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The 2020 Emmys boast "diversity," but leave out Latinos again

America Ferrera's powerful speech was the only Latino note during the television awards, which were held virtually as a result of the COVID-19 pandemic.

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"They don't see us, they don't understand us, they don't care about us," John Leguizamo said a few days ago, referring to the 2020 Emmy Awards, which were held yesterday, Sept. 20, for the first time in their virtual form due to the pandemic — the 'Pandemmy' — as it was called. What a good joke... 

The gala, presented again by Jimmy Kimmel, was a desert of nominations for Latinos in TV — Leguizamo had a point — as outraged Internet users decided not to watch the ceremony following his announcement to boycott the event. 

It came this year as the organizers wanted to give the ceremony a "presumed" diversity marked by awards given to African-American productions and professionals.

Such as Watchmen, which won the award for "Best Mini-Series," "Best Actress in a Mini-Series" (Regina King), "Best Supporting Actor" (Yahya Abdul-Mateen I) and "Best Screenplay in a Mini-Series" (Damon Lindelof and Cord Jefferson for Watchmen). Nigerian-American Uzo Aduba won "Best Supporting Actress" for her performance in Mrs. America. 

By contrast, the predominantly white series, both the rich who are no longer rich (Schitt's Creek) and the Shakespearean drama of a family of tycoons (Succession) were the real stars, amassing seven and four awards respectively. 

But we are not here to talk about a series as overrated as Schitt's Creek, nor about the genius of Succession, or the unique adaptation of Alan Moore's Watchmen book that he himself disdained. But of those absences that, because they are so categorical, say too much about good intentions and inclusiveness in the TV industry. 

Many said, "It's the year of the Black Lives Matters," it's the year of the anti-racist spring, but they went back to doing what they do best, simplifying the issue of the lack of visibility of ethnic minorities in the United States — minorities that are, in fact, the majority — and leaving Latinos, Asian Americans and many more out of the picture. 

Where did Rita Moreno go? Her lack of consideration by the Television Academy, as columnist Michael Schneider wrote for Variety, was unforgivable. Especially since One Day at a Time, where Moreno shares the screen with Justina Machado, has been a critical success, but has been "virtually ignored by Emmy voters, except for one annual nomination in "Multi-camera image editing for a comedy series category."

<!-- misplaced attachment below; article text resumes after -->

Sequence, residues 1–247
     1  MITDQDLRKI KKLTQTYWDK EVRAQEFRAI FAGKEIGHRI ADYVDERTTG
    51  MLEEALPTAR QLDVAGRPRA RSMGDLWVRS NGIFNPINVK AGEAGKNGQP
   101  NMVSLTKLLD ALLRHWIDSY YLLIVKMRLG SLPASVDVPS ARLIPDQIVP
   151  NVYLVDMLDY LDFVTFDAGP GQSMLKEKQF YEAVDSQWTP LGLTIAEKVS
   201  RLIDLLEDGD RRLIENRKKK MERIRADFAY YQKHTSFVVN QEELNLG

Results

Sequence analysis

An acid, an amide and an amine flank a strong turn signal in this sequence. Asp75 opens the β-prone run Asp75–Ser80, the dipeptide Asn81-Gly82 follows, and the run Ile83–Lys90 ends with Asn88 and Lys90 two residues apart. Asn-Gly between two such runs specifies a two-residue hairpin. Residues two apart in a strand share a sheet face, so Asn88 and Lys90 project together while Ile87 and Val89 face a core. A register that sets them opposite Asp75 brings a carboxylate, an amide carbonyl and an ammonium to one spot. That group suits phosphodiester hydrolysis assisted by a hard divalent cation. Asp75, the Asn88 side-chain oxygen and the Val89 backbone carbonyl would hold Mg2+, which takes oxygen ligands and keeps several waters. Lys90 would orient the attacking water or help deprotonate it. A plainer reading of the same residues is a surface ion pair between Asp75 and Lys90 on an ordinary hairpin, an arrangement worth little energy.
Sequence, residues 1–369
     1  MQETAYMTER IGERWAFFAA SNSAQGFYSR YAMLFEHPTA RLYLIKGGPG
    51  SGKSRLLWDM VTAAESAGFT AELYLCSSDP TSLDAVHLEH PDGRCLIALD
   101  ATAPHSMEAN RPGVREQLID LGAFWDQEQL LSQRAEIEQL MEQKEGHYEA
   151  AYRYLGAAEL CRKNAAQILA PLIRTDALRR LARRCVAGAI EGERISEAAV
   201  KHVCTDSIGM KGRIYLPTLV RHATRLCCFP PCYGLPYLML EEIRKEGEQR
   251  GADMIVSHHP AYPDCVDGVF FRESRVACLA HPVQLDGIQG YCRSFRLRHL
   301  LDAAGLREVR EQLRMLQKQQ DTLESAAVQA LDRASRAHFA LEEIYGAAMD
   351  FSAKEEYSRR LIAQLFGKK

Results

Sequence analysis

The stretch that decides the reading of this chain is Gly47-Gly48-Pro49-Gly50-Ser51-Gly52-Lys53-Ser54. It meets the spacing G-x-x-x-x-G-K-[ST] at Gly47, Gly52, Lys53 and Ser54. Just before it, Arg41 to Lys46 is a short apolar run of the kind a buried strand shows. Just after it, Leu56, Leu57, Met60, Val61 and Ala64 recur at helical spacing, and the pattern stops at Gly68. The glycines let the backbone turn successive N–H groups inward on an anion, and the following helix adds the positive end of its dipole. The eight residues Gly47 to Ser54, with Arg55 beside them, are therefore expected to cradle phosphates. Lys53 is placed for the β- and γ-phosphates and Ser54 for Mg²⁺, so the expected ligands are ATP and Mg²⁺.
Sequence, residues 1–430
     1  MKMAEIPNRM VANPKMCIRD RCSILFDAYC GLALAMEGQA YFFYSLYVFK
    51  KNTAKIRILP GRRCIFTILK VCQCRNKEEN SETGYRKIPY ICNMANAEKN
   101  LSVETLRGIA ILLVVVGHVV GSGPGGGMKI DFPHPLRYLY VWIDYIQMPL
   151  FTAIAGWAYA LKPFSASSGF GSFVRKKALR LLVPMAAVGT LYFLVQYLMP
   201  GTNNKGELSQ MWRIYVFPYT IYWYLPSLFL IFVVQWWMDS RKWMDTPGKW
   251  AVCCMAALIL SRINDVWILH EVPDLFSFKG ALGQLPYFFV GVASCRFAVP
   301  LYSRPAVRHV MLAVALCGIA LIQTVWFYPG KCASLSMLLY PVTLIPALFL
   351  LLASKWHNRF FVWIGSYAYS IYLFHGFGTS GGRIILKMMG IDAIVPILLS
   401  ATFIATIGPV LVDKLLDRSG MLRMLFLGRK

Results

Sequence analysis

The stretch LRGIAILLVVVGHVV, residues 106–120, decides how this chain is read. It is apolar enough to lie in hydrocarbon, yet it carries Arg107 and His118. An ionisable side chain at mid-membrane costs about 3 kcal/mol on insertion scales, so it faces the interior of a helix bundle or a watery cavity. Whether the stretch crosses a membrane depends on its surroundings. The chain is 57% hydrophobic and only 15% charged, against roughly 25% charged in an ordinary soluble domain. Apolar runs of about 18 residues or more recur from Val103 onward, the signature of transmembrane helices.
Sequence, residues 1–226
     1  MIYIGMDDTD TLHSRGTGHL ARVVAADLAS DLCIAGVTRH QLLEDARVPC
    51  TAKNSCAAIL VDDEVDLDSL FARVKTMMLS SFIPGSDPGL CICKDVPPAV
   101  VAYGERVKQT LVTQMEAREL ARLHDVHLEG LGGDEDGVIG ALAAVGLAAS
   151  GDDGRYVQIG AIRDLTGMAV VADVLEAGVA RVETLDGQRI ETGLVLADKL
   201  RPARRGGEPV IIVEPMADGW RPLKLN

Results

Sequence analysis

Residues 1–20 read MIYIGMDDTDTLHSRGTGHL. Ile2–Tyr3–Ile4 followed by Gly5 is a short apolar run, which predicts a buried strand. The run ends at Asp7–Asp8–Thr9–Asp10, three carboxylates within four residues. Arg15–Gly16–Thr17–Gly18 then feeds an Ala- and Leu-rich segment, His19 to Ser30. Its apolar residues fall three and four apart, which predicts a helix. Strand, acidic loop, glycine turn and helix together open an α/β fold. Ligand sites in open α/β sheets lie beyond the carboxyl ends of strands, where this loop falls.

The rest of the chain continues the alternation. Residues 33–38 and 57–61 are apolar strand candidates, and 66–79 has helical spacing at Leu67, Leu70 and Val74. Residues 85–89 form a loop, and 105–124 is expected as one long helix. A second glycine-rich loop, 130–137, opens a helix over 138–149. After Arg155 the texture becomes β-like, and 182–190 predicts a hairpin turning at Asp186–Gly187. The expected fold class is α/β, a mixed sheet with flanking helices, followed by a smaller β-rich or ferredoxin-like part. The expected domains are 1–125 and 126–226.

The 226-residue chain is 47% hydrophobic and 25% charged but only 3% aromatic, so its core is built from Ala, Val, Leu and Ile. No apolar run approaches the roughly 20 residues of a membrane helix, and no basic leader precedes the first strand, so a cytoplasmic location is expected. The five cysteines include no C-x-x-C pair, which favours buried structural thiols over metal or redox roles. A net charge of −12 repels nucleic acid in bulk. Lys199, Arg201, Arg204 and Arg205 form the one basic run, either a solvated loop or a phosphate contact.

As for America Ferrera, producer and star of Superstone, a series that makes you laugh while pointing out the problems of the working world, and producer of Gentefied, the Emmys reached their share of "Latinidad" by giving her a voice, which Ferrera took advantage of despite the irony that her appearance was the only one. 

The Mexican-American made a moving speech, where she spoke with sincerity about her beginnings in the world of acting, when she was discarded from an audition because she didn't sound "very Latinx."

Perhaps one of the most lucid reviews was from a Twitter user, who wrote: "Maybe my eyes will never leave the back of my skull about the Academy refusing to nominate any Latinx actress for the #Emmys and then taking America Ferrera to talk about diversity." 

Because that was, in a nutshell, the general feeling of the night: the oblivion and trivialization, the face-washing of the white and privileged industry that tries to join a certain vindictive spirit without understanding the depth of the problem. It's a system governed by slogans, but which is seen as the duster when, as Leguizamo says, "we are less than 1% of the stories told on the platforms and in the chains. That is cultural apartheid."

There was no red carpet, the reporters wrote about the gala. There was no red carpet because of COVID, but neither was there for Latinos in the industry. Now the question is when will there be one? 

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